Polar Bear rampages through Dundee

10 Cool Things I found On the Internet #25

If you have had a bit of a downer week then this will bring your aura back up to bright again and hopefully make you laugh. Hope you enjoy it. How cultures deal with haunted places and people who have shuffled off this mortal coil A fascinating Zoom Workshop. "If you see a Monarch Butterfly…

10 Hours of Aliens from a Sea Shanty of the Deep

Here is 10 hours of BBC deep ocean footage in 4K without narration or music. Bliss out and enjoy these wondrous and cute creatures that dance on the ocean floor. No need to watch news just escape to the world of the ocean. No wonder people in ancient times mistook these animals for monsters! https://youtu.be/t_S_cN2re4g

Book Review: Lost Wisdom by Una McGovern and Paul Jenner

Ten Quirky and Mind Expanding History Books

Here’s a collection of the best and treasured history books that I don’t think I could ever part with. They are quirky and delve into a little known aspect of history making them delightful lazy weekend reading. I hope you can get a hold of them, if you do...please let me know what you think…

Book Review: Lost Wisdom by Una McGovern and Paul Jenner

Book Review: Lost Wisdom by Una McGovern and Paul Jenner

Lost Wisdom and its two other companion books Lost Crafts and Lost Lore are beautifully typeset and laid out. Their contents are a cabinet of curiosities - a wunderkammer of the same sort as the Book of Barely Imagined Beings, which I have mentioned in the past. Although in this case Lost Wisdom runs the…

Hanako the 226 year old koi

Hanako the 226 year old koi

Hanako means flower girl in Japanese. Hanako lived the majority of her life in the pure spring waters of a pond at the foot of Mt Ontake near Oppara. It's believed that the purity and relative isolation of the pond contributed to her longevity. Hanako lived through the English conquering of both Australia and New…

Book Review: The Sky Atlas: The Greatest Map Myths and Discoveries of the Universe by Edward Brooke-Hitching

Book Review: The Sky Atlas by Edward Brooke Hitching

Edward Brooke Hitching, history-hound, lover of quirky things and writer for the ever-popular and erudite quiz show QI, has written The Sky Atlas. A treasury and history of some of humankind’s most beautiful maps and charts. Yet this book is more than that, it’s a sparkling and glittering array of sky-bound achievements. It’s a visual…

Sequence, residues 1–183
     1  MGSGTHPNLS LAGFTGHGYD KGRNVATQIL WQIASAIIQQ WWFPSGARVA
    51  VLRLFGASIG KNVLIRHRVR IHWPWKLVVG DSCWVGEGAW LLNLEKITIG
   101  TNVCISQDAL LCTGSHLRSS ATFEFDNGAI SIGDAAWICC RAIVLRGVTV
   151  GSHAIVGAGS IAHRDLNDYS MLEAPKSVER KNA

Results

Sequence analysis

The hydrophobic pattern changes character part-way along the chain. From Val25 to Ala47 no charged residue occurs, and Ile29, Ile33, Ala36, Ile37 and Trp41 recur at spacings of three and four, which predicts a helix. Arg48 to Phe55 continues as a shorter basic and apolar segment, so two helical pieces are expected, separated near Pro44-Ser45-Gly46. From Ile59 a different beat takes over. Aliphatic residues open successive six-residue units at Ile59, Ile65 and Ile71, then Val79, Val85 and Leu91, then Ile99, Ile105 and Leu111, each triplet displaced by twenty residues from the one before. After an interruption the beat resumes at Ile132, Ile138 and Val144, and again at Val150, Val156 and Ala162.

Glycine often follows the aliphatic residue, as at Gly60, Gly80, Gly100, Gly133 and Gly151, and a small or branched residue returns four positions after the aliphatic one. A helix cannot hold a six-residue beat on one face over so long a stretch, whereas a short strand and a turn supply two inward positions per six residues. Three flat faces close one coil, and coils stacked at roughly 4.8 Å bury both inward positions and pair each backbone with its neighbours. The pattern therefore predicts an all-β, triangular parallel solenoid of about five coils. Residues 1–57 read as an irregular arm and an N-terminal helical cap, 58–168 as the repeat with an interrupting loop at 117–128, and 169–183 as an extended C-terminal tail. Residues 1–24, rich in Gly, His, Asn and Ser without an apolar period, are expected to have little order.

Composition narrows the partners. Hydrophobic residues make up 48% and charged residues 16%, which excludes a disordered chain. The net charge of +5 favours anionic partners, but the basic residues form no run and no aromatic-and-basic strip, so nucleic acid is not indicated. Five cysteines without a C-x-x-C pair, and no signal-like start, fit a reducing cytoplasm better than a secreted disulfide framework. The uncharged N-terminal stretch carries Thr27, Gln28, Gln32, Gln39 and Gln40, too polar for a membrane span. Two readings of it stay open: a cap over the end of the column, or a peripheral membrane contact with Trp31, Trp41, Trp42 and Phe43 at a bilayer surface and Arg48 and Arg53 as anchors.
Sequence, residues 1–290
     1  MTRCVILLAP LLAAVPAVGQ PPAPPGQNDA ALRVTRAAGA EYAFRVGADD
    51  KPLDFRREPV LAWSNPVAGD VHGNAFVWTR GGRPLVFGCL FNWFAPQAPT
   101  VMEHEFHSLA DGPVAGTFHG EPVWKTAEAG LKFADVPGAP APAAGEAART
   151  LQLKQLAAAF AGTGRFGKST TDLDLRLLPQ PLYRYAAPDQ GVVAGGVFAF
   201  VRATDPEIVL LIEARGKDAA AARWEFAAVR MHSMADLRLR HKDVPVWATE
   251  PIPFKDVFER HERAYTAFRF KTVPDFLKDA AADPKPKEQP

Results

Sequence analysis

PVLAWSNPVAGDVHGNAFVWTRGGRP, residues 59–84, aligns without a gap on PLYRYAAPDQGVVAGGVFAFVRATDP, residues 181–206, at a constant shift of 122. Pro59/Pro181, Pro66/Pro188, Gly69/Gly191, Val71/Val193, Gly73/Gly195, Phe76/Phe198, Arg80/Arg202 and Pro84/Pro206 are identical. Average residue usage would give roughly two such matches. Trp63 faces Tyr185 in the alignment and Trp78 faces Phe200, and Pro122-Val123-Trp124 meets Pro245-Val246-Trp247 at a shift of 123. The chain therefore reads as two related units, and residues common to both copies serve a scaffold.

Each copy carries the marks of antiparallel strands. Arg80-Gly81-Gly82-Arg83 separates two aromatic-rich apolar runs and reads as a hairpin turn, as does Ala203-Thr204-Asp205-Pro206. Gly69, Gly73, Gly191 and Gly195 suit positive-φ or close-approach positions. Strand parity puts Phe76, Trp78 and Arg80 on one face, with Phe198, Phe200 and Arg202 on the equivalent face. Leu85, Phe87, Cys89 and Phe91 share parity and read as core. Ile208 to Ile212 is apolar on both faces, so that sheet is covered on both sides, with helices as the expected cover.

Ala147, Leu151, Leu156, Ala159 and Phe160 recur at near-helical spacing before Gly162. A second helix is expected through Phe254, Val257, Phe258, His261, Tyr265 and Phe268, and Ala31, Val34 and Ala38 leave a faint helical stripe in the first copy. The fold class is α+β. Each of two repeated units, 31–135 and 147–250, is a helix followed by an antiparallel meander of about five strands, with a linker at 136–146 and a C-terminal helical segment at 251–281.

A placid and beautiful Highland Cow, found roaming on the Isle of Skye. Copyright Content Catnip 2010.

Travel: A History of the Beautiful Highland Cow

Highland Cows or as they are commonly known in Scotland Highland Coos are an ancient breed known to have grazed the rugged Scottish landscape since the sixth century. Their genetic origins are still up for debate. They may be native to Scotland or introduced by the Vikings to Great Britain. One scientific train of thought…

Ancient Word of the Day: Hibernal

Ancient word of the day: Flukra

As the southern hemisphere turns now towards the colder months we are all finding comfort into our nests and getting cosy for the winter. In New Zealand and the southern parts of Australia we are experiencing snow in the alpine regions. So it seems appropriate now to talk about the many ancient words for snow.…

Ginkaku-Ji temple gardens, Kyoto © Content Catnip 2018 www.contentcatnip.co

Ancient word of the day: Apricity

Apricity was a term originally coined by English lexicographer Henry Cockeram to denote the "the warmeness of the Sunne in Winter". This photo I took during a particularly chilling end of autumn day in Japan in Ginkaku-ji Temple, Kyoto. Note how the sun falls in cascades of enveloping warmth onto the golden tinged leaves. Apricity…

The Book of Symbols: Reflections of Archetypal Images by the Archive for Research into Archetypal Sybolism (Taschen)

Book Review: The Book of Symbols by the Archive for Research in Archetypal Symbolism (ARAS)

The Book of Symbols is a masterpiece of art history, philosophy, mysticism, psychology, anthropology, biology and spirituality. It brings together the history of various symbols, concepts and objects from many cultures and civilisations.

Ancient word of the day: Athene Noctua or Athena's Owl

Ancient word of the day: Athene Noctua or Athena’s Owl

The Greek goddess Athena had as her sacred animal familiar the owl, also known as the Athene Noctua in Latin. The Romans, fond as they were of stealing from the Greek pantheon, renamed Athena to Minerva. Athena and her owl are considered to be symbols of wisdom, in both cultures. Silver tetradrachm coin at the…